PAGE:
Charities fight to keep €1m grant


Fears rise that the State payment to co-fund ‘vital’ medical research will be slashed

MORE THAN two dozen of Ireland’s leading medical charities have called on the Government not to cut a state grant of €1 million that is spent on research into medial conditions.

The charities, which include the Irish Cancer Society, the Irish Heart Foundation and the Cystic Fibrosis Association of Ireland, claim the money is vital for research and will pay for itself in medical breakthroughs in the years ahead.

For the past three years, the Government has provided the money through the Health Research Board (HRB) and the charities match the figure to create the Joint Funding Scheme.

John McCormack, the chairman of the Medical Research Charities Group (MRCG) estimates the charities have committed €60 million to research over the past six years. Ireland’s spend on health research, at 0.06 per cent of GDP, is half the OECD average.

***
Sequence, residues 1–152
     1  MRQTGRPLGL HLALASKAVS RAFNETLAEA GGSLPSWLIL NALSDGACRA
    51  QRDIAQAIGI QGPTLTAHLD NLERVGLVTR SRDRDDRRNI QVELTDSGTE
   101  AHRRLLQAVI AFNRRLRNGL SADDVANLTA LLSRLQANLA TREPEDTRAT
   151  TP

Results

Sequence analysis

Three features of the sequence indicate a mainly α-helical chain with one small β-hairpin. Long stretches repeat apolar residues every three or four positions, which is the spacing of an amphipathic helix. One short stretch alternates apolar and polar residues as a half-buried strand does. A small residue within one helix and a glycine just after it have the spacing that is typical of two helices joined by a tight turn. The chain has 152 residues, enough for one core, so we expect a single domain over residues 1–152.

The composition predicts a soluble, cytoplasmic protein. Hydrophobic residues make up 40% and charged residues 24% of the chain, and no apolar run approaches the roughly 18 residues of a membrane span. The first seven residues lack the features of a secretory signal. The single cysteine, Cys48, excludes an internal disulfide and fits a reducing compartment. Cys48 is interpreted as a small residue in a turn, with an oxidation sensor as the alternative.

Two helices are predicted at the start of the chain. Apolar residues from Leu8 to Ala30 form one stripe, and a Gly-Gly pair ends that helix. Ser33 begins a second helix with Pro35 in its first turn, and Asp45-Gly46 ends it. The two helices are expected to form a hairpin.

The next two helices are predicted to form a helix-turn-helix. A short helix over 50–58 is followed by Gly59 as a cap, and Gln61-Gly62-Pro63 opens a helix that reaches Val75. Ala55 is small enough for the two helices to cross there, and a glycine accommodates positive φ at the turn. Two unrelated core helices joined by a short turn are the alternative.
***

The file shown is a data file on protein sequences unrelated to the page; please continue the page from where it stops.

Among the projects paid for by the grant include one to determine the defective gene that causes retinitis pigmentosa (RP), which leads to blindness. A team of researchers from Trinity College Dublin and the charity Fighting Blindness have developed a treatment, which is going to clinical trials.

Prof David McConnell, TCD’s head of the School of Genetics, said the research was “absolutely crucial” in building the international reputation of the Smurfit Institute of Genetics at the university.

Research is also being carried out on the rare genetic disease cystinosis in a joint project between the Cystinosis Foundation Ireland and University College Cork. It aims to find a cure through genetic therapy and has secured further funding in California.

The Diabetes Federation of Ireland is carrying out research into preventable foot disease, which costs the Heath Service Executive €200 million over five years.

Marie Downes, MRCG development executive, said the research carried out by Fighting Blindness alone would be worth the €1 million the Government spent on funding the HRB. “It is very little money in the scheme of things and you get a lot of bang for your buck,” she said.